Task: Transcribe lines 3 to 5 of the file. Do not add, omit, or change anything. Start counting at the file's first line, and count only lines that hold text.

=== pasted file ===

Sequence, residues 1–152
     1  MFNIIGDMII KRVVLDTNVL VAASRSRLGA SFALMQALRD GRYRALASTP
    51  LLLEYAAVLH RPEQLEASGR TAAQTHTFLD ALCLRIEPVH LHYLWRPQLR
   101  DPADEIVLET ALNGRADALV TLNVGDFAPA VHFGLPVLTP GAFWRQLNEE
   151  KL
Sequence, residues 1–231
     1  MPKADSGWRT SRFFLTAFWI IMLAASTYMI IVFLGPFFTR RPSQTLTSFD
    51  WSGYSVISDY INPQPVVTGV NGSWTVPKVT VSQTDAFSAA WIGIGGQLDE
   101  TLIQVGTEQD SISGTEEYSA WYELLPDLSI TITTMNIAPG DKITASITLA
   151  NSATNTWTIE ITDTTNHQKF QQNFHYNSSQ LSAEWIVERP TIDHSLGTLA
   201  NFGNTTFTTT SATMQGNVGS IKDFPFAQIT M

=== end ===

    51  LLLEYAAVLH RPEQLEASGR TAAQTHTFLD ALCLRIEPVH LHYLWRPQLR
   101  DPADEIVLET ALNGRADALV TLNVGDFAPA VHFGLPVLTP GAFWRQLNEE
   151  KL